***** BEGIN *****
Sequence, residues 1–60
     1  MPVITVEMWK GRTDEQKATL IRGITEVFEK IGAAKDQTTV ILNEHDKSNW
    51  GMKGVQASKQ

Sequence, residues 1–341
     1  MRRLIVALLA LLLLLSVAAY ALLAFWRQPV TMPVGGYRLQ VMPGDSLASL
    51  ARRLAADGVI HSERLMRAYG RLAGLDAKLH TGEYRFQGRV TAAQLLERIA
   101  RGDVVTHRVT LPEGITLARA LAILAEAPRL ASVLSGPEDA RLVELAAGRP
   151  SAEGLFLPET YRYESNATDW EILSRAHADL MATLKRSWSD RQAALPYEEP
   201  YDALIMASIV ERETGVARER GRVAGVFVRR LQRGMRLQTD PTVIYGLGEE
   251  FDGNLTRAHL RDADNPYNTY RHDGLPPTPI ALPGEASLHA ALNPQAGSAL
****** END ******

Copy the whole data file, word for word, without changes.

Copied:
Sequence, residues 1–60
     1  MPVITVEMWK GRTDEQKATL IRGITEVFEK IGAAKDQTTV ILNEHDKSNW
    51  GMKGVQASKQ

Sequence, residues 1–341
     1  MRRLIVALLA LLLLLSVAAY ALLAFWRQPV TMPVGGYRLQ VMPGDSLASL
    51  ARRLAADGVI HSERLMRAYG RLAGLDAKLH TGEYRFQGRV TAAQLLERIA
   101  RGDVVTHRVT LPEGITLARA LAILAEAPRL ASVLSGPEDA RLVELAAGRP
   151  SAEGLFLPET YRYESNATDW EILSRAHADL MATLKRSWSD RQAALPYEEP
   201  YDALIMASIV ERETGVARER GRVAGVFVRR LQRGMRLQTD PTVIYGLGEE
   251  FDGNLTRAHL RDADNPYNTY RHDGLPPTPI ALPGEASLHA ALNPQAGSAL